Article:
The Spice Project provides anyone with the ability to create an Acoustic Model, Language Model and Dictionary in the language of their choice, for use with the Janus Speech Recognition Engine. The site is still under construction, but shows a novel approach to addressing the problem of creating speech recognition systems for the under-serviced languages of the world. Many thanks to Udhay Nallasamy for bringing this site to my attention.
From the Spice Project website:
Speech technology potentially allows everyone to participate in today's information revolution and can bridge the language barrier gap. Unfortunately, construction of speech processing systems requires significant resources. With some 4500-6000 languages in the world, traditionally speech processing is prohibitive to all but the most economically viable languages. In spite of recent improvements in speech processing, supporting new languages is a skilled job requiring significant effort from trained individuals. This project overcomes both limitations by providing innovative methods and tools for [native] users to develop speech processing models, collect appropriate data to build these models, and evaluate the results allowing iterative improvements.
The steps you take are as follows:
1. IPA Phone Selection for your Language:
The website provides a tool which displays IPA phonemes. You choose the names to give to the phonemes you'd like your Speech Engine to have, for your language.
2. Janus Acoustic Model Creation for your Language:
Once you specify all your phones, you click the Acoustic Model tab to create an Acoustic Model for the Janus Speech Recognition Toolkit (Janus is a speech-to-speech translation research project). The system uses audio from the GlobalPhone and FestVox projects to generate the Acoustic Models. The FestVox audio is freely available (the Voxforge corpus actually includes some audio from the FestVox project), but it looks like the audio from the GlobalPhone Corpus might not be available (I could not find a way to download the audio on their main site).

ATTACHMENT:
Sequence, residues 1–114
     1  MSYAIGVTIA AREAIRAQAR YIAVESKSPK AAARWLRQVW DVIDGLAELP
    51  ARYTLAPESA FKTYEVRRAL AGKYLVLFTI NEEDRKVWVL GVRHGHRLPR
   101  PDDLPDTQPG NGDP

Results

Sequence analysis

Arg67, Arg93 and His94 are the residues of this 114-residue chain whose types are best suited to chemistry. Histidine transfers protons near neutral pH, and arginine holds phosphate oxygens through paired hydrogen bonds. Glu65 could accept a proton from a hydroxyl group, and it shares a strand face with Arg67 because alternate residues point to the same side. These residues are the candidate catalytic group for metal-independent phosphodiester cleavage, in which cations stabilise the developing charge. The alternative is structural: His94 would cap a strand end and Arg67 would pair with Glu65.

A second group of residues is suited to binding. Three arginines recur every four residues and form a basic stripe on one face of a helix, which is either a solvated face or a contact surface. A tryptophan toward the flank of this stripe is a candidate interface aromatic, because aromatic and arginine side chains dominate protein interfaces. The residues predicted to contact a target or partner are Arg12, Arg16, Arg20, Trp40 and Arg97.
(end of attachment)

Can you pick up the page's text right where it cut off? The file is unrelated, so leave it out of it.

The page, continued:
3. Create Language Model for your Language:
Basically you provide a link to a web page, and the SPICE web spider crawls the site to gather words and phrases and calculate the probabilities required for a Language Model. You can also supply a text file to the site to generate a language model.
4. Dictionary for your Language
Once you have your Acoustic Model and Language Model completed, you then generate a Dictionary.
Once you have all these files, you can the use them with the Janus Speech Recognition Toolkit. I'm not familiar with the Janus Speech Recognition Engine, but it seems like the AM, LM and dict can then be used in applications for the translation of spontaneous speech.
This site provides a bit of history of the Janus toolkit, but I have not found a site to download the software yet. I'll keep looking, but if anyone finds it please let me know,
--- (Edited on 2/13/2007 10:42 am [GMT-0500] by kmaclean) ---
Got an email from Tanja Schultz, InterACT: Advanced Communication Technologies Language Technologies Institute, Carnegie Mellon University.
She says that Janus is NOT an open source toolkit.
--- (Edited on 3/ 1/2007 10:10 pm [GMT-0500] by kmaclean) ---